Avoid These 7 Common Errors During Property Settlement in an Australian Divorce

Avoid These 7 Common Errors During Property Settlement in an Australian Divorce

August 21, 2023 Off By Glespynorson

Navigating a divorce can be a trying period – often involving the search for new living arrangements, determining co-parenting strategies if children are involved, and undoubtedly, the division of marital assets.

The intricate facet of asset division, commonly referred to as property settlement, emerges as one of the most intricate aspects of getting a divorce in Australia. Property settlement, encompassing the legal procedure of distributing assets and liabilities between spouses in a divorce, is a nuanced process prone to misconceptions.

Throughout the property settlement procedure, errors can frequently arise, potentially yielding enduring repercussions. To aid in sidestepping these commonplace property settlement blunders, insights about seven of these missteps have been compiled.

Mistake #1: Overlooking Asset Valuation

A pivotal facet of property settlement hinges on comprehending the valuation of assets. Under the Family Law Act 1975 in Australia, the inclusion of all assets, spanning real estate, investments, superannuation, personal belongings, and even inheritances (unless alternative arrangements like binding financial agreements are in place), is mandated in property settlements. Neglecting to ascertain precise asset values can lead to an inequitable resolution. To avert this pitfall, enlisting the services of a professional appraiser or financial expert is advised for valuing assets.

In certain instances, discrepancies may arise between parties concerning asset values. In such scenarios, the court might stipulate an autonomous valuation or consider evidence presented by both parties to determine the worth. It’s crucial to acknowledge that any costs associated with asset valuation will factor into the settlement determination.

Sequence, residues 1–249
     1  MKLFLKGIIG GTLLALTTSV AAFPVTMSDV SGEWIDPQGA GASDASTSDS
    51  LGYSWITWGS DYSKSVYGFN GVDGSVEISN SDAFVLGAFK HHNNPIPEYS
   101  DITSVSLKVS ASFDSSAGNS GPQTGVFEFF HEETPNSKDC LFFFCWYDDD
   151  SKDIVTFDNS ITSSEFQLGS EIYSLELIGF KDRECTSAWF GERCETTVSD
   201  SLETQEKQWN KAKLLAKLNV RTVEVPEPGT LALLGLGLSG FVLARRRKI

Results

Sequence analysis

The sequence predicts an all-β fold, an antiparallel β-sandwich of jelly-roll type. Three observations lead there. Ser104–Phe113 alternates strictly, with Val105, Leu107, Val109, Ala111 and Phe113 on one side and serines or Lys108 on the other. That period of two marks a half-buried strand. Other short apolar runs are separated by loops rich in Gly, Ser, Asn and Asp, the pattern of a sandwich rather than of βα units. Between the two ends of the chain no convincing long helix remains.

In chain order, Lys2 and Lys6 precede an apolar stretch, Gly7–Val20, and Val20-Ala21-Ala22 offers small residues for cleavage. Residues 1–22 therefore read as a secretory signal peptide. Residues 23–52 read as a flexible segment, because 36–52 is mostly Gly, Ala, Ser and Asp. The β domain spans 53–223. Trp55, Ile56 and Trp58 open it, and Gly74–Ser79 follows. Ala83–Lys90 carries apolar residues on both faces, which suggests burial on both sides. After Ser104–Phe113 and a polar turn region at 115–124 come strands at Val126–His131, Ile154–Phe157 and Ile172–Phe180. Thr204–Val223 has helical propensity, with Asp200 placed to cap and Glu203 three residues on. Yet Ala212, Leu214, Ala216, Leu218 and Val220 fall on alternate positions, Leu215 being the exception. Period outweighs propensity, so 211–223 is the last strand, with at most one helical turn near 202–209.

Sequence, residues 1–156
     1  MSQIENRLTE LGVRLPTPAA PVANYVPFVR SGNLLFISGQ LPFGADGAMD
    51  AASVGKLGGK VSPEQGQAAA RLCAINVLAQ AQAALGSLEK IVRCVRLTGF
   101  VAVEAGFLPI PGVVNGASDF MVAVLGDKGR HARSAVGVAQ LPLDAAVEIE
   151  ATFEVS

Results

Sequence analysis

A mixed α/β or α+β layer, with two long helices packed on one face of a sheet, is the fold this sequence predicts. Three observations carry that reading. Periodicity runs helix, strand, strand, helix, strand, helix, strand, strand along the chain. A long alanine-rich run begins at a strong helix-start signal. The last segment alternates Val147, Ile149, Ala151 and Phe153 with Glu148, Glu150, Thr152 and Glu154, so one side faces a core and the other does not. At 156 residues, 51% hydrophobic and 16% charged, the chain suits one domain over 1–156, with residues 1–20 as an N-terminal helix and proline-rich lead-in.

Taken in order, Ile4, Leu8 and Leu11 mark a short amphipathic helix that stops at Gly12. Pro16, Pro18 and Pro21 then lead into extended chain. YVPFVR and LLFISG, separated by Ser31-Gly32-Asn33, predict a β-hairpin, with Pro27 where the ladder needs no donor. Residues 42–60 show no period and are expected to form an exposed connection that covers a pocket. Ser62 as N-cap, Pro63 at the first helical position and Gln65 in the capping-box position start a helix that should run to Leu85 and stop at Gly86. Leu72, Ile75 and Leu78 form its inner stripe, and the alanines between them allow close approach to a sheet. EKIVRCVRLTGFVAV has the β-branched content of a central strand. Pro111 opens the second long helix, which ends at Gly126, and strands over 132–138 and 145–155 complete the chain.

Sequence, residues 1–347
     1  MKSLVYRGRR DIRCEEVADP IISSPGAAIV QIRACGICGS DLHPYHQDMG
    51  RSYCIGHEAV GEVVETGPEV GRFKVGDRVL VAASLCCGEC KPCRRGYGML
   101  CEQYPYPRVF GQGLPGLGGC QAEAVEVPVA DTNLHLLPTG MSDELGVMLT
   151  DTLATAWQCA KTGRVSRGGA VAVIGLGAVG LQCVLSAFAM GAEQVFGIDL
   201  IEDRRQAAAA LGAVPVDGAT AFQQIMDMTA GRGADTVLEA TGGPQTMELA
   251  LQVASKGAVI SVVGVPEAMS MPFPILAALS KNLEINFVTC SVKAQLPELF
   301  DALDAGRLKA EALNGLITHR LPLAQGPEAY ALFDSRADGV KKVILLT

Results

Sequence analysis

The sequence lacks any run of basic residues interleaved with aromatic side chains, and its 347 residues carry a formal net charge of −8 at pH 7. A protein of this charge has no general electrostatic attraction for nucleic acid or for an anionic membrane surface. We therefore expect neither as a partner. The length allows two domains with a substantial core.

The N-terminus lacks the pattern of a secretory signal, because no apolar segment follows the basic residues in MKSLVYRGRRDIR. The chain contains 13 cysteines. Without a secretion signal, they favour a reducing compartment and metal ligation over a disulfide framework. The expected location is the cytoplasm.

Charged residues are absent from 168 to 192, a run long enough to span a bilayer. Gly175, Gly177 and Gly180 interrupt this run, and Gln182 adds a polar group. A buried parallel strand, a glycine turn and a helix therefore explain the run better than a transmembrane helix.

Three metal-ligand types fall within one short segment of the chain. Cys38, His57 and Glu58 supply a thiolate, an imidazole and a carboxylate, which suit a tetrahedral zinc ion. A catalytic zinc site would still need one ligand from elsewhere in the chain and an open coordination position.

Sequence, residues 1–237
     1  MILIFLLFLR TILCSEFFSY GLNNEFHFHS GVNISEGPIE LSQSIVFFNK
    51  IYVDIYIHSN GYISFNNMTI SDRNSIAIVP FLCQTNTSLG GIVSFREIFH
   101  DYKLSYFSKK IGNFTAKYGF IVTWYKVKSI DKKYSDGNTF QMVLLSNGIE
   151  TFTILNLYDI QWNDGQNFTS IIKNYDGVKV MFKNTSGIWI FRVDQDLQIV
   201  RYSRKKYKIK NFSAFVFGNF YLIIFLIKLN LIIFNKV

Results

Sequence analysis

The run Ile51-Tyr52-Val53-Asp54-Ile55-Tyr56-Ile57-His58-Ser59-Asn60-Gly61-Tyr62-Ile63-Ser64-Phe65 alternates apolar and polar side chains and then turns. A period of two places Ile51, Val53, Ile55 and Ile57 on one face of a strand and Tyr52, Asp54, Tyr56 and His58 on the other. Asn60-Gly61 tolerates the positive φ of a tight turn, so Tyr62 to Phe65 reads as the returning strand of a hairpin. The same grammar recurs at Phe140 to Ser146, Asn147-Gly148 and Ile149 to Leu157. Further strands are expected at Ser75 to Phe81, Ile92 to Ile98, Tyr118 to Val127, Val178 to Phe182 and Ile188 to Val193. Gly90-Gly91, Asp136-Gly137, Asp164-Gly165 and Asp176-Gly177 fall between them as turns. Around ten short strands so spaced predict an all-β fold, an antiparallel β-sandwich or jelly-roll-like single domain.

Mistake #2: Omitting Full Asset Disclosure

Neglecting to divulge all assets can trigger severe legal and financial ramifications. In Australia, it’s obligatory for involved parties to furnish comprehensive and candid information about all assets and liabilities during the property settlement process. Failure to disclose an asset may lead to the invalidation of the property settlement agreement by the court, coupled with potential penalties like covering the opposing party’s legal expenses and offering compensation. This omission can result in an imbalanced settlement, disadvantaging the other party. Regrettably, it’s not uncommon for individuals to seek ways to conceal assets amidst divorce proceedings.

Maintaining transparency regarding all assets and liabilities is paramount, including those not directly in your name. For instance, a party’s stake in a family trust or company, along with any inheritances received, must be disclosed. To circumvent this oversight, it’s prudent to collaborate with a family lawyer, ensuring that a comprehensive asset disclosure is accurately managed.

Mistake #3: Allowing Emotions to Dictate Choices